David Stern (left) replaced Larry O'Brien as NBA commissioner in 1984.

Stern, 66, loves the public eye and performs well in it, yet is extremely hesitant about sitting still for on-the-record interviews. That's because he, like many people of power, likes to control the dialogue, set the rules and, by and large, keep personal details about himself just that. Still, I extracted a few nuggets during the five days I spent traveling with him on that European trip. And recently, he agreed to answer a few questions about his 25th anniversary. Since they're more interesting than anything I could write, here are the highlights. In your early days as commissioner, you always pooh-poohed the negativity in the press about the league, but what was your biggest worry when you took over? The potential financial collapse of multiple teams?

Stern: It wasn't all that bad. The collective bargaining agreement and anti-drug agreement in 1983 began to stop the decline and turn things around, at least image-wise. The growth in television, arena redevelopment and advent of sports marketing took care of the rest.

[Of course, he was responsible for a lot of that.] Did you expect to stay this long or did you figure you'd be back practicing law at some point?

Stern: I expected to stay at the NBA for only a few years when I joined it [as a partner at the Manhattan law firm of Proksauer Rose, which handled the league's legal affairs in the 1970s], but then I started to find the job very interesting, much like a puzzle that needed to be solved. Some of our favorite politicians hate this question, but is there any mistake you feel you've made, or something you wish you could get a do-over on?

Stern: Yes, the lockout in '98. I wish I had done a better job of convincing the players and the union that the owners and I were serious about a shutdown to improve the economics of the league. Conversely, what is your biggest success?

Stern: It's not mine but it happened on my watch. First, the role the NBA played in educating the public on HIV/AIDS after Magic [Johnson] announced his illness. The debate on the disease was forever altered.

Second, all the chatter about America not accepting a sport where black athletes were in the majority and black athletes not getting endorsements, etc., was a media construct that was unfair to our players, who demonstrated that our sport deserved the support of American sports fans and fans around the world. In some ways Barcelona [he means the 1992 Olympics] and Beijing [the 2008 Games] are the paragraph indentation and the exclamation point on that. Without the challenge of international expansion, could you have done the job for this long?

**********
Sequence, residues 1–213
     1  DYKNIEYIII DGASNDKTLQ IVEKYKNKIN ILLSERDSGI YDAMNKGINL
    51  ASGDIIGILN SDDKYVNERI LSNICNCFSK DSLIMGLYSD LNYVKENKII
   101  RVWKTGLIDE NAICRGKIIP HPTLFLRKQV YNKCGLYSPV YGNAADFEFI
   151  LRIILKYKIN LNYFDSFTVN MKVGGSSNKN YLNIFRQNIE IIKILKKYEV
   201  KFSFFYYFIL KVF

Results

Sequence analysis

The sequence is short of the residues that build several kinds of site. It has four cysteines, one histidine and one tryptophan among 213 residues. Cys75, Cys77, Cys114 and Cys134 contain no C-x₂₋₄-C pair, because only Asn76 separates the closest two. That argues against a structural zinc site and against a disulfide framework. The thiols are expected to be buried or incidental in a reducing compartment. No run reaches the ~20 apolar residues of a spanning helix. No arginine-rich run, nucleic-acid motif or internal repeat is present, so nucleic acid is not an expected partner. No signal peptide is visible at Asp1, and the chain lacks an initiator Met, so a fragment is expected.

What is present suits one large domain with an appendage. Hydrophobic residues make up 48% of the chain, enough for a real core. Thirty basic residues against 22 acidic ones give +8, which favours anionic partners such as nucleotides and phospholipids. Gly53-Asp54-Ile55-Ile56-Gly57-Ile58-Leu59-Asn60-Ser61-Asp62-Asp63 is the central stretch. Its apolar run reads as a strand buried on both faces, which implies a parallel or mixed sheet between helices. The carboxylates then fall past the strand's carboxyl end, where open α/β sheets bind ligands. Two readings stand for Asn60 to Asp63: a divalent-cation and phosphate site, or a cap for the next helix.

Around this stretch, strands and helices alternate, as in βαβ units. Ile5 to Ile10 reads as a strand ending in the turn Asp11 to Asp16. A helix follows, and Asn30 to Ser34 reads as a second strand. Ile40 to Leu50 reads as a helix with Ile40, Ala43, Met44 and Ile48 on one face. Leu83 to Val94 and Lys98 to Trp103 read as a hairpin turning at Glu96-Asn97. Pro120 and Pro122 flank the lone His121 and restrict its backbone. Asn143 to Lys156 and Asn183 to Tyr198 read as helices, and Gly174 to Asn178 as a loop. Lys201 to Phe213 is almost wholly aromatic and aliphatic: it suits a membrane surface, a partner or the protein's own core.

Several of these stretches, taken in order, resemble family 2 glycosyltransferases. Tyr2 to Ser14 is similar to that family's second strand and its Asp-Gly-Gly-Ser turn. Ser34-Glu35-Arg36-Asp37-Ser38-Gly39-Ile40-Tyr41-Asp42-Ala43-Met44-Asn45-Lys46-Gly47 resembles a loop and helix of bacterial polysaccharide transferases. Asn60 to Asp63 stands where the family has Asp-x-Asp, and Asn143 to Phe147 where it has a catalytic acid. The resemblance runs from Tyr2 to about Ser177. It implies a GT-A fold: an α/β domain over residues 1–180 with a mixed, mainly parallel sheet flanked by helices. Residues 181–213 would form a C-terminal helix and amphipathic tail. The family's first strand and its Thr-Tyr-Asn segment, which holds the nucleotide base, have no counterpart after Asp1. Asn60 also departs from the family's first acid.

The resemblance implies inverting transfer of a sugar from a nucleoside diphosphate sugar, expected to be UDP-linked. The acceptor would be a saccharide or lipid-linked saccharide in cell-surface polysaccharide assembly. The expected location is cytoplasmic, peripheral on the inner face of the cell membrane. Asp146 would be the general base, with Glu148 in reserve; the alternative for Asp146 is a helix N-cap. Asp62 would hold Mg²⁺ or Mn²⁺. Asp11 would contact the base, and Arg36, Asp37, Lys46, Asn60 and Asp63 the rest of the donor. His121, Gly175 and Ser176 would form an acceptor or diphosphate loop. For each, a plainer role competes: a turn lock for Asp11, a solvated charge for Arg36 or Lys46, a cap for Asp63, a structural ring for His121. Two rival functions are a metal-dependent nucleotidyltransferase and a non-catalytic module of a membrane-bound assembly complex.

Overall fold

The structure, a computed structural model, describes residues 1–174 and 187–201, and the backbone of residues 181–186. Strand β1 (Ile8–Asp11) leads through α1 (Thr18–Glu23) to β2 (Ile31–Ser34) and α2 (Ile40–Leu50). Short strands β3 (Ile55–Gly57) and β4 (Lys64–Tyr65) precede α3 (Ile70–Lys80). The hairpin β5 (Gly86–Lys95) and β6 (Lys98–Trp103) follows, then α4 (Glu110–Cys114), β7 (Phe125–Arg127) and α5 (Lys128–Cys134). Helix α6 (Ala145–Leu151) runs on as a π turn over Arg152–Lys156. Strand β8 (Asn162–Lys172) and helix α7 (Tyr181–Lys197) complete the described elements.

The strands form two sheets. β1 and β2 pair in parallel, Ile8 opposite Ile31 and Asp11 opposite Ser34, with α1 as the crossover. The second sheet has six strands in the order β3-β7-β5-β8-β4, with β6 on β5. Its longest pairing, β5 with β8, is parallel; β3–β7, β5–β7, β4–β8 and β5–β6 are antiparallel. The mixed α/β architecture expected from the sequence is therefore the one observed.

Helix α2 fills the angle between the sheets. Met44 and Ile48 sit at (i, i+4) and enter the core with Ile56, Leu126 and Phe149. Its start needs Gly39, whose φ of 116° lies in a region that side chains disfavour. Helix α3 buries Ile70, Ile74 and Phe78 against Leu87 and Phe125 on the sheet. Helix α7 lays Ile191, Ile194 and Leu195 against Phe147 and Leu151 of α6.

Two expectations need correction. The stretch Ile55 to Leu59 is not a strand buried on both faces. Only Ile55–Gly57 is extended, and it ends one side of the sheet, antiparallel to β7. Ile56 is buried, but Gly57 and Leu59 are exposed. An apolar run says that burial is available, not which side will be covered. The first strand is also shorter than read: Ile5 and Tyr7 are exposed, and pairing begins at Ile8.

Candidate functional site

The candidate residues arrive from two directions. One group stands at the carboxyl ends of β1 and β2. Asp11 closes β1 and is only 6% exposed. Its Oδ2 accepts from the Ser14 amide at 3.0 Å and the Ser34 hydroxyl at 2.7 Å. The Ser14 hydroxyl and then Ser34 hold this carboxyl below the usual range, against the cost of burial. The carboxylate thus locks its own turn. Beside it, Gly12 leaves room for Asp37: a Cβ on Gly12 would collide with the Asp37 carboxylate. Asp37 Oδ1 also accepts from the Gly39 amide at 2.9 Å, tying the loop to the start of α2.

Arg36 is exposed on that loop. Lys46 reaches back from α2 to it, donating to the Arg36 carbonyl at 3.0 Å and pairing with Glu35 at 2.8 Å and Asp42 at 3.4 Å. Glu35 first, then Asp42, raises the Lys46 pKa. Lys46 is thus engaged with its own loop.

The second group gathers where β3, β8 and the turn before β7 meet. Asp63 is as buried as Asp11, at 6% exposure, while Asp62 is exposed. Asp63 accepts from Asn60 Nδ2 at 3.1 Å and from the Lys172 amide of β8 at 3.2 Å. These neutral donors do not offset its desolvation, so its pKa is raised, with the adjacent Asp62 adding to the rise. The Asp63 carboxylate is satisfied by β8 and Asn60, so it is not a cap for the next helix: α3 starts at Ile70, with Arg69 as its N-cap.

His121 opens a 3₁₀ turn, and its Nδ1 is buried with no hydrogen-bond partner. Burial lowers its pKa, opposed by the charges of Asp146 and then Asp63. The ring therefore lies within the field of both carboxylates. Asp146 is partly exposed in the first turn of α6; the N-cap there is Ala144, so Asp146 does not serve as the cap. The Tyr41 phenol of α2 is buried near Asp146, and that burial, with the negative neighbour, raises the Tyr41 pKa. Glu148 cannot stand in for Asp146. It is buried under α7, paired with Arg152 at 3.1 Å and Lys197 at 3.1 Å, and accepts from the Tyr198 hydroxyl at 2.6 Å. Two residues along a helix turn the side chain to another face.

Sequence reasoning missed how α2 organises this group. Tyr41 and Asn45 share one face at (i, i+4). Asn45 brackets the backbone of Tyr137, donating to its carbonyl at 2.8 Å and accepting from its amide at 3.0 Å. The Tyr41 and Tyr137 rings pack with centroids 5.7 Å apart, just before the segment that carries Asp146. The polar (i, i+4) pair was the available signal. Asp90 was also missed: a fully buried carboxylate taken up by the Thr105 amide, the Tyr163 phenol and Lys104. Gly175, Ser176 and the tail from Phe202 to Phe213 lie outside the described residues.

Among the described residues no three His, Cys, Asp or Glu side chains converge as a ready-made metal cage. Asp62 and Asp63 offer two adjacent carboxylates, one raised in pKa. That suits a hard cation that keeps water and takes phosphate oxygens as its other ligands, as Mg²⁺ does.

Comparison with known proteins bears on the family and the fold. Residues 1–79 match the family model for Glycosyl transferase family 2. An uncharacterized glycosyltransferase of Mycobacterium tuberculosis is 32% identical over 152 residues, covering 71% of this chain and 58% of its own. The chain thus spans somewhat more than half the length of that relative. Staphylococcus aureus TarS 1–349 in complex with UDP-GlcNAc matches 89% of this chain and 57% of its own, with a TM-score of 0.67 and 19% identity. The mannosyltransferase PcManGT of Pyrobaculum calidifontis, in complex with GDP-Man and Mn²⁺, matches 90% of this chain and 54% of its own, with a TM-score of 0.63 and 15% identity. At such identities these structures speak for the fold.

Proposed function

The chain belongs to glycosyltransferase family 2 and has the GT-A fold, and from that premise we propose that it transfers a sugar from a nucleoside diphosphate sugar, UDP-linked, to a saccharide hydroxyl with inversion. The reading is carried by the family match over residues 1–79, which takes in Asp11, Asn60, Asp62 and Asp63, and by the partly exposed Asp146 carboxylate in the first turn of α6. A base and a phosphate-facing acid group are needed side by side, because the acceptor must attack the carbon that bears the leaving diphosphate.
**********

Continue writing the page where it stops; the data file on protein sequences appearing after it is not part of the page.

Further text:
Stern: There seemed always to be something new, but without the twin challenges of globalization and the digital revolution, I would be long gone. Will there be a 30th anniversary? A 35th? A 45th for that matter?

Stern: There won't be a 35th, I can tell you that, and it doesn't pay to speculate on 30. What has made it possible for me to get things done here all these years are, of course, the players, but also my colleagues. [He ran through at least a dozen who have been at the league for two decades, sometimes three.] By necessity, I'm out front in crisis, and get to do the fun stuff, too, like the draft and the championship trophy presentation. But the real heroes who do the job and make it fun are the people of the NBA and our owners, who are, by and large, in my view, the most enlightened in sports.

Stern's power base, of course, comes from the owners, so one might expect him to make that last point. But the fact remains that he has the respect of the vast majority of everyone connected to the NBA --owners, league execs, players, fans and press. His has been an extraordinary 25-year run. Good luck to his successor, for he or she will need it.